By Adriana Opromolla

The delegations to COP18 of Caritas Internationalis, Misereor and CIDSE discussed yesterday, Nov. 27th, the role of agriculture in climate change and the ways agriculture has been addressed up to now by climate change policies. Participants also included partner organisations from India, Bangladesh, Chad and Kenya.

Agriculture – namely, small-scale farming and organic farming – is at the heart of the Caritas work on food security and food safety in many developing countries. Caritas organisations manage a large number of projects on all continents to help Small-Holder Farmers (SHF) increase their resilience to climate change, achieve food security for themselves and their families and improving their livelihoods. In most cases, organic farming practices also produce a beneficial effect on the environment by preserving natural resources, protecting biodiversity and ecosystems.

In the UNFCCC negotiations, agriculture is seen as a source of pollution and greenhouse gases (GHG) emissions due to methane gas emission while the promotion of Sustainable Agriculture should be the opportunity for reducing the amount of CO2 in the atmosphere. It is important to realise that the Nitrous Oxides released by the use of chemical fertilisers are 300 times more damaging than Carbon Dioxide in contributing to GHG.

Catholic organisations and their partners attending the Doha climate talks came together to discuss whether the decisions adopted so far are really beneficial to small-scale agriculture and the environment, or whether they rather respond to other political objectives. The economic returns of climate-related agriculture programs implemented so far were especially debated. Experience proves that international funds allocated for adaptation projects (projects helping farmers develop resilience to climate change) are largely insufficient and do not reach the poorest and most vulnerable farmers in developing countries to improve their livelihoods.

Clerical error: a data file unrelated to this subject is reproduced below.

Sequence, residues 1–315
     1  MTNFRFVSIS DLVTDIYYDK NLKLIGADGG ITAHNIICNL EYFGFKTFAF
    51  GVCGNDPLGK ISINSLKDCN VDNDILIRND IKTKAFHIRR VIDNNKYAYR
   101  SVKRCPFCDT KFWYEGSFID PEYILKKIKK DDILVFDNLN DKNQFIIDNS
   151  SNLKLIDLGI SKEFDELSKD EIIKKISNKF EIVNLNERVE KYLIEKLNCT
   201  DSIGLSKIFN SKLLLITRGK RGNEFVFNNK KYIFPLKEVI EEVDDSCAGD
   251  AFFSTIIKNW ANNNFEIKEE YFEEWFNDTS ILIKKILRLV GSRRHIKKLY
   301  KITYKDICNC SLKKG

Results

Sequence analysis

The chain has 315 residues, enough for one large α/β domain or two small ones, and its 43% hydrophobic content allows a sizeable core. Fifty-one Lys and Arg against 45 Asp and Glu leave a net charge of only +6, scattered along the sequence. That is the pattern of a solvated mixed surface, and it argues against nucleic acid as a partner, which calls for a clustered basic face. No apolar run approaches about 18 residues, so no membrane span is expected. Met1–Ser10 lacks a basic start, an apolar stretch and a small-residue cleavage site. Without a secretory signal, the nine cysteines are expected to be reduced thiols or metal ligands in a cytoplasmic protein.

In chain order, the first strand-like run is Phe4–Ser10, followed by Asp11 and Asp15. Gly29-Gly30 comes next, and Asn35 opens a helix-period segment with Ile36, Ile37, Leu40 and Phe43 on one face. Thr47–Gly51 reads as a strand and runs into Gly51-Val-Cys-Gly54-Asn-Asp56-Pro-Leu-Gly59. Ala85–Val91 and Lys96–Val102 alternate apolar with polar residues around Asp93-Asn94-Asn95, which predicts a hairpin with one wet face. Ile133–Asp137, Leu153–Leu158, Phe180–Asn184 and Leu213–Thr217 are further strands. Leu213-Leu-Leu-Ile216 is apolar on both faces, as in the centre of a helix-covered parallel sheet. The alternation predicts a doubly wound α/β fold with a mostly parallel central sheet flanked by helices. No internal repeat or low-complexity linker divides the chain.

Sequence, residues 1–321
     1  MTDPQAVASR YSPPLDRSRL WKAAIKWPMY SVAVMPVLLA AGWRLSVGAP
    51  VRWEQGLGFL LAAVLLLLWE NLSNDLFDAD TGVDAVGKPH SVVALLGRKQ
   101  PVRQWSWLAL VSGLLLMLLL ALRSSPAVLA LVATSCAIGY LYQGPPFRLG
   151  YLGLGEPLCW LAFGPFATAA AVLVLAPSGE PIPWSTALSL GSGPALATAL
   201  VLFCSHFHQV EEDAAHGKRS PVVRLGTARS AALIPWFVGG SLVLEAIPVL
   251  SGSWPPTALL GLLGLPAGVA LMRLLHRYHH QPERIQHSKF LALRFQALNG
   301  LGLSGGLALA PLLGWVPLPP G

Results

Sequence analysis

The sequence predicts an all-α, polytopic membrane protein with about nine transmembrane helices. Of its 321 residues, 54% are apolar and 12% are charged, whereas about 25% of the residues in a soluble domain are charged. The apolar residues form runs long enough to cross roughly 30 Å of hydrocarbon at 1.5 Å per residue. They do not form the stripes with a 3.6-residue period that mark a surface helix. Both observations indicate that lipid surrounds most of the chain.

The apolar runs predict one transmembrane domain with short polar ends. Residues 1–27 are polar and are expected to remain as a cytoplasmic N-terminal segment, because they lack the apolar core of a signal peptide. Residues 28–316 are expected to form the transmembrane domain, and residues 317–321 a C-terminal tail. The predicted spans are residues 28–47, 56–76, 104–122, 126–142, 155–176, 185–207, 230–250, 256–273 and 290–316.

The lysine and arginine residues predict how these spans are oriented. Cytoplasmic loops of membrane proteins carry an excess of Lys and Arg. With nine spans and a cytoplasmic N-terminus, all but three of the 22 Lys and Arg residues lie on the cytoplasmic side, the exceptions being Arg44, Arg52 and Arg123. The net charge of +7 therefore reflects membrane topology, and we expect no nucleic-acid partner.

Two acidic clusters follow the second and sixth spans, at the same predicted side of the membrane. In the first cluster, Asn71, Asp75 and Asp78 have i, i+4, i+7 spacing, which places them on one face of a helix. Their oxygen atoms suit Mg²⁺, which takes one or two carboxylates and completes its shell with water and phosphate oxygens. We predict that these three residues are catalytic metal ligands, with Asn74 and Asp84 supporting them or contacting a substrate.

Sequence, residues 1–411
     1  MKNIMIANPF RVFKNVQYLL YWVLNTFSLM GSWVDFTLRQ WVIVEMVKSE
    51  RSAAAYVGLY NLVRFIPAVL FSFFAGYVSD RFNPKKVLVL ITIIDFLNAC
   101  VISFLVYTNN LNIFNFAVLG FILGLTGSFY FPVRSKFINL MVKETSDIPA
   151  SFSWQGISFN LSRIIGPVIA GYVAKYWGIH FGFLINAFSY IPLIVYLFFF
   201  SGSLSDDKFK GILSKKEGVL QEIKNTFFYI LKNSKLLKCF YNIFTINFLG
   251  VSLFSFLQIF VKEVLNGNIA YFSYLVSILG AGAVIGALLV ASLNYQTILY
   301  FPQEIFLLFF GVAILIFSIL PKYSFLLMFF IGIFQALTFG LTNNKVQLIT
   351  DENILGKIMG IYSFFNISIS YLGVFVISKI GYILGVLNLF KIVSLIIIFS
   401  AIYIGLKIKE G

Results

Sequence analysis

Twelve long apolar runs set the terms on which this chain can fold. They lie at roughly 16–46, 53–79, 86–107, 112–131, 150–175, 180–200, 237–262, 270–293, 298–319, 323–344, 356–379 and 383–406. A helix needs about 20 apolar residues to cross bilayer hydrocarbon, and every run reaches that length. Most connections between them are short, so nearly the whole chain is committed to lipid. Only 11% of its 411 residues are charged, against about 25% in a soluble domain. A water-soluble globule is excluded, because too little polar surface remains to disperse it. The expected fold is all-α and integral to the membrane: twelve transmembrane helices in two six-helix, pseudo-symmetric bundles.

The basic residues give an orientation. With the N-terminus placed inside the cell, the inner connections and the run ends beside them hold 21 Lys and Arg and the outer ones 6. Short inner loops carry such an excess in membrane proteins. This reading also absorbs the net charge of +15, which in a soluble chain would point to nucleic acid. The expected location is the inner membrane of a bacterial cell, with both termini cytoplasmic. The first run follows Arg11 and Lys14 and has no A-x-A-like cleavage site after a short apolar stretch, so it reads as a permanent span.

“Big farming corporations get most support for introducing the monoculture of Genetically Modified Organisms (GMOs) which has resulted in the depletion of local/indigenous seeds and the extinction of traditional practices. This has adverse effect on the environment and on the local community” said Dr. Haridas Varikkottil Raman,  Manager (NRM) of Caritas India  and  Regional Program Coordinator of Agriculture program of Caritas Asia.  “We want to promote organic farming, a practice suitable to small-holder and family farming, respectful of traditions and the environment”.

“Instead of focussing on the economics of agriculture, we want to revive its moral imperatives” said Zar Gomes, Regional Coordinator of Caritas Asia. “By fulfilling the moral obligation to provide food to everyone, organic agriculture also cares for equal relations between employers and workers, as well as for natural biology through its ecologic approach”. By just using natural matters, organic agriculture ensures not only food security, but also food safety.

Caritas delegates will bring these reflections into UNFCCC sessions related to agriculture. The decisions adopted in this COP18 will be crucial to determine the future regime of agricultural policies at national, and consequently grass-root level.